Australians urged to prepare for summer disaster season

Emergency Management Australia (EMA) has completed its annual disaster season briefings with states and territories and has urged Australians to properly prepare for the upcoming summer disaster season, which officially commences this month.

Minister for Emergency Management David Littleproud said that local, state, territory and federal agencies are well prepared to support communities through natural disasters, including from the initial response and relief phase through to long-term recovery.

“Since the horrific bushfires last summer, the Government has been working to bolster Australia’s ability to respond to and recover from crises including natural disasters and the COVID-19 Pandemic,” Minister Littleproud said.

“The next challenge is to make sure we are all prepared for the disaster risks facing us over the coming season.

“Significant grass and vegetation growth over winter combined with higher than average temperatures across the southern part of Australia means we are looking at the very real potential for a bad grass fire season.

“In the north, La Nina conditions risk bringing a worse than average storm, cyclone and flood season.”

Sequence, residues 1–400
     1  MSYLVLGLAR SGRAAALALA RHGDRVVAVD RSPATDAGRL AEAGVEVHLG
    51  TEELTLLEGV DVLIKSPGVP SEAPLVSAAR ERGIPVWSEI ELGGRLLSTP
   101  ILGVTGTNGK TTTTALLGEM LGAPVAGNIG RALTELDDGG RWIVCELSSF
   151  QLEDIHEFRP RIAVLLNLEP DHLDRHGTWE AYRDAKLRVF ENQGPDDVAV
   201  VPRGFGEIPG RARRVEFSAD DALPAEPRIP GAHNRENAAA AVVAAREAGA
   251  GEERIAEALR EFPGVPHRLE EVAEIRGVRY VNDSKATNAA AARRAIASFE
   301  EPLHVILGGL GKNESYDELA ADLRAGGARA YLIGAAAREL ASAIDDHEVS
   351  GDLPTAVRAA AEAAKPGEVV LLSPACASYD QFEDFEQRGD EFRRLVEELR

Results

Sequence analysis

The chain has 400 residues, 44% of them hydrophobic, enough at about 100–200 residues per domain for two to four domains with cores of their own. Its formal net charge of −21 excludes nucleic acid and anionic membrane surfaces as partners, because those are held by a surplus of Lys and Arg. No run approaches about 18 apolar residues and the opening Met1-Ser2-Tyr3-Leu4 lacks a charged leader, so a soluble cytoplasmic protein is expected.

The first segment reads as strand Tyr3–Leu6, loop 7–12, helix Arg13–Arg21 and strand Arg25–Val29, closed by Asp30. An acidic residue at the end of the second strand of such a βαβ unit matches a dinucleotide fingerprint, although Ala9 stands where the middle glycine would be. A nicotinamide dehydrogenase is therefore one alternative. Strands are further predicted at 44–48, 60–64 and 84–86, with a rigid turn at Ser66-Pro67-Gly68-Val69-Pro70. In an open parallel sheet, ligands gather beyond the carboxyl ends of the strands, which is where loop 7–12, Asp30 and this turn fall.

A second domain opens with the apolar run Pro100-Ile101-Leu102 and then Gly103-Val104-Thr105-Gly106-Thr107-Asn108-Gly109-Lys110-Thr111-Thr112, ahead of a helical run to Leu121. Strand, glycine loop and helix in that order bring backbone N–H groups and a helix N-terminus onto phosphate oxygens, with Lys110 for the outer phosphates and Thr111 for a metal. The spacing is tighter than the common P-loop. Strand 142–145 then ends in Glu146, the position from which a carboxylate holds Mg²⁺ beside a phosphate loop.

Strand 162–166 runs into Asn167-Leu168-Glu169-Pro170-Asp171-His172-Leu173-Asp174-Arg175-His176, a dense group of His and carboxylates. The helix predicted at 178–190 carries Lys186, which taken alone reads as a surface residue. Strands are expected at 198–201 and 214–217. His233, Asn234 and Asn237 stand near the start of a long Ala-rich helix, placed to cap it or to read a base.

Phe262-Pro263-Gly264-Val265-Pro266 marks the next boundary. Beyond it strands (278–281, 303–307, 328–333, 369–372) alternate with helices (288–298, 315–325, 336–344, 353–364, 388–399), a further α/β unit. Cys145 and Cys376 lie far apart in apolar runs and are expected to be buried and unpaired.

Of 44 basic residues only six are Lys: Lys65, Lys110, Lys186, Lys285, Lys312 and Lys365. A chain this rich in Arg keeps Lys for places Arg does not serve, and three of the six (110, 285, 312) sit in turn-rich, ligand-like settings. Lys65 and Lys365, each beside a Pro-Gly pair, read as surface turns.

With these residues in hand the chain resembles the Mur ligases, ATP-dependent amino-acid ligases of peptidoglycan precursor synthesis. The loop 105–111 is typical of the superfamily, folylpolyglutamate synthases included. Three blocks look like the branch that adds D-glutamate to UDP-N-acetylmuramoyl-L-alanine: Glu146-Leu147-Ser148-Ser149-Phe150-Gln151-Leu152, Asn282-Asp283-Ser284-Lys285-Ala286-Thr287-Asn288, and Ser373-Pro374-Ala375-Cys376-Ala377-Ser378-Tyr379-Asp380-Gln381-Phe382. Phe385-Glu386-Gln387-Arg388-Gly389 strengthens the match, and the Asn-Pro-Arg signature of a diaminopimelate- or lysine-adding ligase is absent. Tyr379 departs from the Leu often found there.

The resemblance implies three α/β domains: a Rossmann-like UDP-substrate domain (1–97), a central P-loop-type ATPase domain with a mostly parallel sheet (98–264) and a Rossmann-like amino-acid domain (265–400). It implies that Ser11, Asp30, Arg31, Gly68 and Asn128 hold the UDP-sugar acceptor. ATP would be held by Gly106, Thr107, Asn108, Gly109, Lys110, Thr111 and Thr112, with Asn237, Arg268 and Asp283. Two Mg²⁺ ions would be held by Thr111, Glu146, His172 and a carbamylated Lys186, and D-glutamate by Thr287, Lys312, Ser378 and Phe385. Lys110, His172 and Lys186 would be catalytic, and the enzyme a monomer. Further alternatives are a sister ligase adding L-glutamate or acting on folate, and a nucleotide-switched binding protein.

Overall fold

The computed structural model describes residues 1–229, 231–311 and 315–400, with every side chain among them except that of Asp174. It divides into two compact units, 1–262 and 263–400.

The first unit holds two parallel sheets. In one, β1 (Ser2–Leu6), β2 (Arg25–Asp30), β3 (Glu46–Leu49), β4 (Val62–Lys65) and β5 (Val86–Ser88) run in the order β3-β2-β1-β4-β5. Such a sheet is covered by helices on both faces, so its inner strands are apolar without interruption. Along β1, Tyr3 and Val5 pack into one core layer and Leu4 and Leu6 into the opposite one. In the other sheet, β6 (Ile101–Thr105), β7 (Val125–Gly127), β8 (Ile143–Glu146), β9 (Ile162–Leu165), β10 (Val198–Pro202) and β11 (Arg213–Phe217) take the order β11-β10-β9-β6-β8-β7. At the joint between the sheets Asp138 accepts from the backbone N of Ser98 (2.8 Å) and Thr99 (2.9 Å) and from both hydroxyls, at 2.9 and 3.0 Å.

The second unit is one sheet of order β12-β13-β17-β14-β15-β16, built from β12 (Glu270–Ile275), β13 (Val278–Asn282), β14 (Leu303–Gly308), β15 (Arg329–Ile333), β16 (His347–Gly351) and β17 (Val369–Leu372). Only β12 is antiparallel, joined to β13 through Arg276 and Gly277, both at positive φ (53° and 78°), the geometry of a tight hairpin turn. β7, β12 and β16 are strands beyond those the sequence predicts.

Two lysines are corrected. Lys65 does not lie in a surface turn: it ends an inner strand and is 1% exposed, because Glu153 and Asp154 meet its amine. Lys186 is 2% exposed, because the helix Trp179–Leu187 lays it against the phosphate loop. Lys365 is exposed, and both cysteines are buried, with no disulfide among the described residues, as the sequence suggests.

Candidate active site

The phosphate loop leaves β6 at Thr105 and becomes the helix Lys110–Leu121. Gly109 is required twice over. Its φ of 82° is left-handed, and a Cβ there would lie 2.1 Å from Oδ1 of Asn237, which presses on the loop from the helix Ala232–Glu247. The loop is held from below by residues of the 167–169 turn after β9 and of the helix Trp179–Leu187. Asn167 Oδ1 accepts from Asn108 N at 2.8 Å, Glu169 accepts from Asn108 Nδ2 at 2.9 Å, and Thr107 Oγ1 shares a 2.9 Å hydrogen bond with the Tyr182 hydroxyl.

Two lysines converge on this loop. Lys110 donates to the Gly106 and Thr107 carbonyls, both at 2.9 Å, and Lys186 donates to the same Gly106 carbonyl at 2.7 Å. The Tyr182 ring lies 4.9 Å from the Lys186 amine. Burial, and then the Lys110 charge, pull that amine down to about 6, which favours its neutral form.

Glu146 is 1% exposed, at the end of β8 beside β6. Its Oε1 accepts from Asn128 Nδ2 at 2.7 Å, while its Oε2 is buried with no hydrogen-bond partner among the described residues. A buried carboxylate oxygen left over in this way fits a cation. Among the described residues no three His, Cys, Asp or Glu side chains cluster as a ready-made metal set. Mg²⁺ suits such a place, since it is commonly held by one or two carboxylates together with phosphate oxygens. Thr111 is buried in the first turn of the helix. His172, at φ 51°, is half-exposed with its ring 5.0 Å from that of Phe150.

Over the past two weeks, Emergency Management Australia has been holding operational briefings with police, fire authorities and emergency service agencies in every State and Territory to prepare for the disaster season.

“The Australian Government works with communities to prevent, prepare, respond and recover from disasters – from disaster mitigation initiatives, and community awareness and warning measures, through to disaster relief and recovery support,” Minister Littleproud said.

“We have invested more than $2 billion to help communities recover from last summer’s bushfires and have already committed significant funding to better prepare for the future including in bushfire research, aerial firefighting and telecommunications.

“We are investing more than $26 million annually in the National Aerial Firefighting Centre to improve Australia’s aerial firefighting capability, and more than $27 million to strengthen telecommunications resilience in bushfire and disaster-prone areas so that communities can stay connected during emergencies.

“There’s also been an important step in streamlining aid and support from the Australian Defence Force ahead of the 2020 2021 summer season with the Department of Defence and Home Affairs, through EMA, undertaking a comprehensive review of the Defence Assistance to the Civil Community (DACC) arrangements.

“While we can work with authorities to properly prepare, it’s also critical families, households and individuals do what they can to prepare themselves.

“By planning ahead, people can reduce the risk of injury and damage to property.

“Information on how to prepare for disasters is available through state and territory authorities.”

The Royal Commission into Natural Disaster Arrangements will deliver its Final Report to government on 28 October 2020, which we look forward to receiving and carefully considering as part of our ongoing work to ensure Australia’s natural disaster capabilities are as effective as possible.

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